Why Evolution Is True

Here’s the second “unanswered question of evolutionary biology” that I discussed in my BBC Focus piece (#1 is here).  This one appears only in print, so I’ll put my answer online.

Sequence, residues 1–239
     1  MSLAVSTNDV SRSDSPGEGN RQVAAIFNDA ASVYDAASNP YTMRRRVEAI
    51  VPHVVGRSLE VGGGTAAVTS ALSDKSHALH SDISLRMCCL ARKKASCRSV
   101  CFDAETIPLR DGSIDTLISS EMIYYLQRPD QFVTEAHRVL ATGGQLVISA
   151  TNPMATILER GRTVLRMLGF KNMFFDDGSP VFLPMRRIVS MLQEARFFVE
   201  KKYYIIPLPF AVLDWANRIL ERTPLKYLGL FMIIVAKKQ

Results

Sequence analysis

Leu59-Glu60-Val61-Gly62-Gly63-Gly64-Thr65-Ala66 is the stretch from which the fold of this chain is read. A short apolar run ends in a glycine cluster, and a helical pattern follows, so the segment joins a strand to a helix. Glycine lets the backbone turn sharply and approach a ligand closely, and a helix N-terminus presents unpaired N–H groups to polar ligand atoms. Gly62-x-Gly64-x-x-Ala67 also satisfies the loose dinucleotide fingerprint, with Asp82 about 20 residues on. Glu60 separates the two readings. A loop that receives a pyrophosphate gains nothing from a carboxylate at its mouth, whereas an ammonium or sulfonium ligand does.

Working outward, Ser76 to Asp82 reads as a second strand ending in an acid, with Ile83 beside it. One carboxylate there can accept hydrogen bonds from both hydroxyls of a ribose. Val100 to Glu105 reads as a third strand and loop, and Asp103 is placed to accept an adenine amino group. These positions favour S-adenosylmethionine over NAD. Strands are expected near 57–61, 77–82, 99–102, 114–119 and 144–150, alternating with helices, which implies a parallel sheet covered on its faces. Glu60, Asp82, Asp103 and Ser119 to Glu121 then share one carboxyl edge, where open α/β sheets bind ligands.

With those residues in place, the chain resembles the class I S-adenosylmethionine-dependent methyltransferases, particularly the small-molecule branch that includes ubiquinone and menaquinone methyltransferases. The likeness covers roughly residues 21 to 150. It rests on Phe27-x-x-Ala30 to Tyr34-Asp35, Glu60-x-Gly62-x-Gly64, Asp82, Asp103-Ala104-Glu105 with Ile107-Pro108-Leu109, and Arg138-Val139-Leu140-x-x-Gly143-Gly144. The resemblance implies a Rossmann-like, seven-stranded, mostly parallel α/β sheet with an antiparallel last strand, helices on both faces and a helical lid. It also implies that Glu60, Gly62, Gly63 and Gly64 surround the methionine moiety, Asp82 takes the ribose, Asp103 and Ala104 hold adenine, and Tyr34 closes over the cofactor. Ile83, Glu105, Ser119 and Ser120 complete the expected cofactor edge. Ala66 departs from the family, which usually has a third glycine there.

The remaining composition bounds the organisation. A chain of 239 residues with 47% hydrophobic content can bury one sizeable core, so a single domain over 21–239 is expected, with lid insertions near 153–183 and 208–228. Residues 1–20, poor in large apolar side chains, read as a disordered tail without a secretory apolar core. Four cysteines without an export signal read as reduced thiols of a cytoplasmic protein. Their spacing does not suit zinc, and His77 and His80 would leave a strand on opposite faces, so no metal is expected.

Why is there sex? It’s possible to reproduce without sex: many species do it, including microorganisms, lizards, fish, and plants. In fact, it turns out that reproducing asexually has a big evolutionary advantage.  Imagine that each human couple can leave two offspring: on average one male and one female. If a female had a mutation that allowed her to reproduce asexually, she would have a tremendous evolutionary advantage. In the next generation, such asexual females would produce two females instead of one, meaning that our asexual females would effectively have double the reproductive rate of their sexual neighbors. Sexual females (and their male offspring) would therefore eventually be crowded out. This disadvantage of sexuality is often called the…

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